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3 Expert Customer Service Language Tips to Never Forget Follow this customer service advice on three customer service issues involving language.

By Micah Solomon Edited by Micah Zimmerman

Key Takeaways

  • The money language pit
  • The "How are you?" ping pong game
  • The Tricky use of humor in customer service.

Opinions expressed by Entrepreneur contributors are their own.

As a customer service consultant and training designer, one thing I help my client companies to do is improve the way they use language around their customers. Here are my thoughts on three language-related customer service behavioral issues:

  1. The Money-Language Pit
  2. The "How are you?" Ping-Pong Game (and the importance of not dropping that "how are you?" ping-pong ball)
  3. My thoughts on using humor in customer service and other customer-facing roles.

Related: We Have an Empathy Crisis on Our Hands. Here's How to Combat the Rising Trend of Poor Customer Service.

The money language pit

Money — particularly money owed — is a subject that, if talked about too directly, can be off-putting to customers. I'd avoid telling a customer something like,

"Hey Pat, you still owe us $339,000,000.33."

Pat may indeed owe you that money, but this phrasing makes you sound accusatory. It's like you're saying that Pat wants to drag his feet or even abscond without paying down his $339-million-and-change balance.

The same point could be better conveyed by,

"Our records show a current balance of $339,000,000.33."

Same point, gentler language.

Related: Don't Get Defensive — Avoid These 7 Phrases When Talking With an Angry Person

The "How Are You Doing?" ping-pong game

When you're responding to a customer who's just asked,

"How are you?"

I suggest you reply with the following, "I'm doing great. How are you?"

Any response along these lines is fine. The important thing is that you reciprocate — returning the verbal ping-pong ball to the customer's side of the table — rather than letting the "How are you?" ball drop to the floor.

Admittedly, the "How are you?" ritual is basically an empty exchange. But since it's the customer who has initiated it, you must support your side of an important part of communication: reciprocity. So, please don't just reply with,

"Good," or "I'm fine," or "I'm well,"

and let the conversation die right there. Likewise, please do not answer with a chilly, "I'm well; how can I help?" without first asking the customer how they are doing.

Your offer of assistance does not replace the need to reciprocate their inquiry into your well-being. In fact, it arguably implies that such pleasantries are a waste of your time and that the customer should hurry up and get to the meat of the conversation.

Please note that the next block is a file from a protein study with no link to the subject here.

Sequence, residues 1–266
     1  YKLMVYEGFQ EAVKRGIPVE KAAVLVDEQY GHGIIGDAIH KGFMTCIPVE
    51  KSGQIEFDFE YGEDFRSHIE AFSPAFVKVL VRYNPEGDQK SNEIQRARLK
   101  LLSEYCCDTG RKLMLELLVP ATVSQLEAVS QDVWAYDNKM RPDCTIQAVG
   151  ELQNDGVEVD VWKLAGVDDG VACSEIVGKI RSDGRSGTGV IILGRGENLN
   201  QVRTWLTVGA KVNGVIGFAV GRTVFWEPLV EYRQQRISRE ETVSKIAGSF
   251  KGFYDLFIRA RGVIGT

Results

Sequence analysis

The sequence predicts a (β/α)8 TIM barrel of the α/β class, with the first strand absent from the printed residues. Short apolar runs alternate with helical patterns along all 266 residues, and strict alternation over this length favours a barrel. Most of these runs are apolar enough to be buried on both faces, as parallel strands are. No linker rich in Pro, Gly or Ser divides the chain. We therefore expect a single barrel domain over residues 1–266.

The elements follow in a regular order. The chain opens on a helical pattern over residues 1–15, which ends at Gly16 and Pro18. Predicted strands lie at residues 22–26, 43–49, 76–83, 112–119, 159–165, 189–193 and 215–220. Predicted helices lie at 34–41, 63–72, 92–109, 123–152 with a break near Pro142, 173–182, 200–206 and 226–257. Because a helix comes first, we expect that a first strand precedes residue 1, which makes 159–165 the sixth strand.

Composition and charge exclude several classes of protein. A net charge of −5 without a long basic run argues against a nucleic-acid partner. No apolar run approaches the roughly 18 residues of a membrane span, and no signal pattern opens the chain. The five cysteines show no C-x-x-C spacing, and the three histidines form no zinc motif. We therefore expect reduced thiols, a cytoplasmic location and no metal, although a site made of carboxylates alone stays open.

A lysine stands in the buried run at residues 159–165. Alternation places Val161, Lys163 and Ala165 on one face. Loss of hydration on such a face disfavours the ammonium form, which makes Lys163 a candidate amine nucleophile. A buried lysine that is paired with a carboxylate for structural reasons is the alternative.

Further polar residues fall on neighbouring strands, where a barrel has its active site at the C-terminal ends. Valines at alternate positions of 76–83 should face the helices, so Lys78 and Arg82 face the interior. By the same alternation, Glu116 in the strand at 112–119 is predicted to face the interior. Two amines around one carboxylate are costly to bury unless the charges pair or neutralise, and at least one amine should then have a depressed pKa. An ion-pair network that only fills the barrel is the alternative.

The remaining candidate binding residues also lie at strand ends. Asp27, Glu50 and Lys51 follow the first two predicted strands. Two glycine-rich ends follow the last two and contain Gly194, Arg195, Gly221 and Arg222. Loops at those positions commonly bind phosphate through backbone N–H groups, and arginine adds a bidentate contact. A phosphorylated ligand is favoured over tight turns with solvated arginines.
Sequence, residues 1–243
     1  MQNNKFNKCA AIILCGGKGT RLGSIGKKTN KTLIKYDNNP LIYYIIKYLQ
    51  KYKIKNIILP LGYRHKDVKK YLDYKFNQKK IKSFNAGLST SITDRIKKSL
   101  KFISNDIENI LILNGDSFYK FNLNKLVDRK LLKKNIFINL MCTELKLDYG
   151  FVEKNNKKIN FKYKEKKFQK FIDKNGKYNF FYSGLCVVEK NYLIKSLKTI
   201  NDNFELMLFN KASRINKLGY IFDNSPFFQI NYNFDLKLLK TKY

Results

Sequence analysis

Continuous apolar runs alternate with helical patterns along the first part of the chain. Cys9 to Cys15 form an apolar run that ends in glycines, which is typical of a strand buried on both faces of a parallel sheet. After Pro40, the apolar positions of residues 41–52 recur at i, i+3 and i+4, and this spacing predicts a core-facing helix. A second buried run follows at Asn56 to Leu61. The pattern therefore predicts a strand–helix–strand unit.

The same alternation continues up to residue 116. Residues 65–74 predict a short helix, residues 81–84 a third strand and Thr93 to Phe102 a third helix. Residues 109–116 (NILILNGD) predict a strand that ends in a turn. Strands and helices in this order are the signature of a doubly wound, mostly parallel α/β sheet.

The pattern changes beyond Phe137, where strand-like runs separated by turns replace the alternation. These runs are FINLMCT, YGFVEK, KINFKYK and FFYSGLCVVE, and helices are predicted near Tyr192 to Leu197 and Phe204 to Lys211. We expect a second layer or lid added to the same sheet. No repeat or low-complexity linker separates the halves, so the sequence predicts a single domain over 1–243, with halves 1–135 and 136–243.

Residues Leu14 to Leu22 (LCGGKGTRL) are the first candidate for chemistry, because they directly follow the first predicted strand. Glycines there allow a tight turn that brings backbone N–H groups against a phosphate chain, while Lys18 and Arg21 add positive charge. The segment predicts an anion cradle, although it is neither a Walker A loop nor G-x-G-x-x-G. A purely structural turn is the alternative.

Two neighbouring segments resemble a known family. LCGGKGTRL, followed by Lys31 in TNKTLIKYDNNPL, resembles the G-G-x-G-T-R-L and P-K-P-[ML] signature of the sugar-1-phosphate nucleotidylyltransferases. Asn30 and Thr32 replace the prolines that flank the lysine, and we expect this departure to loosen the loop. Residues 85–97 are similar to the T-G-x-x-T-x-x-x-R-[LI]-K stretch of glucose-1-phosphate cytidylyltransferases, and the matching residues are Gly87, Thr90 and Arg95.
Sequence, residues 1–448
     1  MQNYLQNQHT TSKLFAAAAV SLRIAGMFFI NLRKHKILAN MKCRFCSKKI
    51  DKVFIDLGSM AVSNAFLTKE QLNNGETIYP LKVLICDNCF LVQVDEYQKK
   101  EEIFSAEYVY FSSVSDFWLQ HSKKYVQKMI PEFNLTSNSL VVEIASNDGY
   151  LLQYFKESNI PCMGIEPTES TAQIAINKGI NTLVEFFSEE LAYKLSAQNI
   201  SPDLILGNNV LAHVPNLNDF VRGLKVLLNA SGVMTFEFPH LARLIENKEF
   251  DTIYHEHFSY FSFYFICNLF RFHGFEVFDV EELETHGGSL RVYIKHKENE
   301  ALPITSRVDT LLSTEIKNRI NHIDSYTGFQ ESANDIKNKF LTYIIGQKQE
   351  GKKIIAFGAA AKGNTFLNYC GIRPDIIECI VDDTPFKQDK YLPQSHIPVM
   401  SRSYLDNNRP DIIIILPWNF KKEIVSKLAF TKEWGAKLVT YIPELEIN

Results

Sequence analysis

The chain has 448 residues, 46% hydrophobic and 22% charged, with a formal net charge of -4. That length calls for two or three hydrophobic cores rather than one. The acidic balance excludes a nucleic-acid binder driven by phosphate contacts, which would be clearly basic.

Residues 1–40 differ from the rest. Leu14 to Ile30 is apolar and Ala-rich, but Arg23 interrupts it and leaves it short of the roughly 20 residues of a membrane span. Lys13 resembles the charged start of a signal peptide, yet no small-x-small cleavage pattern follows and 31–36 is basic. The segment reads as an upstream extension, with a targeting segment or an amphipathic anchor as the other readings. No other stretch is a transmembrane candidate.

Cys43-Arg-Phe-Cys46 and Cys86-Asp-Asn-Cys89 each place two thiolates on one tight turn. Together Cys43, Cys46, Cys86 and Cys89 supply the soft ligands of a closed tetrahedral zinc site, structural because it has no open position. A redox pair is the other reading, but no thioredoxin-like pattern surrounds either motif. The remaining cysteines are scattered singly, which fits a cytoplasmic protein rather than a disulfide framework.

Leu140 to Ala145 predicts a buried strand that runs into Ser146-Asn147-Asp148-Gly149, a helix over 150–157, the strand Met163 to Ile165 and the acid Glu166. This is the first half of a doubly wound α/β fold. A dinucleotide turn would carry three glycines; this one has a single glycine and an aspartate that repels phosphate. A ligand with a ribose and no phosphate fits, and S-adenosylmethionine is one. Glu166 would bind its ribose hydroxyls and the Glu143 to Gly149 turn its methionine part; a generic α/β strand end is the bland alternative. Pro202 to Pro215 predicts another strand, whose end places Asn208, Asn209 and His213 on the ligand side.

Related: 5 Ways to Build Killer Relationships With Customers

Humor in customer service

Should you ever permit your customer service employees and other customer-facing staff members to indulge in humor? Although I have some reservations about this professionally, as a customer, I definitely enjoy it.

I can still make myself chuckle by thinking back to the time I asked for coffee on JetBlue, and the flight attendant replied,

"Give me a minute to burn a new pot for you."

Or, when I was on a Virgin America (now a part of Alaska Airlines) flight, and the pilot came out of the cockpit to apologize for the late departure and promised to…

"...fly it like we stole it!" and still get us to our destination on time.

And on Southwest, when the flight attendant warned passengers who prematurely unbuckled their seatbelts rather than waiting for the chime,

"I'd keep your seatbelt on if I were you. He's a great pilot, but he's a lousy driver."

Or the dentist who, when I doubted his claim that I was grinding my teeth at night, told me,

"Well, somebody has been grinding them."

And the time I told a woman answering the phone at a new vendor that I found their prices surprisingly reasonable, and she shot back,

"I can raise them just for you!"

The upside to injecting your personal brand of humor into customer service is that it can be memorable, disarming, and an instant bonding experience. The downside is that it's hard to know your audience and predict their sensibilities and sensitivities.

The "burn a new pot" implied that "we're all in this airplane cabin experience together, and I'm going to help you enjoy it by using my whole personality." But a less understanding (grumpier!) passenger might be inspired to tweet, "The coffee standards are so low on this airline that even the flight attendant realizes it."

The problem here is that two people can hear the same words and walk away with two totally different takes on it. You've probably seen this in action at work. You think your coworker is a total sweetheart, but another employee sees him as a phony.

Why does this happen? Well, a lot of it comes down to cultural differences. Culture is like this big soup of assumptions, traditions, and values that a community cooks up over time. So, someone from a different culture might interpret your behavior in ways you'd never even dream of, all thanks to their own cultural soup. (But don't get carried away. Things like personality or family background can have a bigger impact on an individual's values than broad societal norms.)

The challenge is that you're guessing about humor — and guessing is always risky. So, unlike most other hard-and-fast language guidelines I can lay down for you, this is an area where you are on your own. Good luck, buttercup!

Micah Solomon

Entrepreneur Leadership Network® Contributor

Customer Service Consultant, Trainer

Customer service transformation expert, consultant, author, keynote speaker. Named "World's #1 customer service transformation expert" by Inc. Magazine. Reachable at micahsolomon.com. Very happy to hear from any readers at any time.

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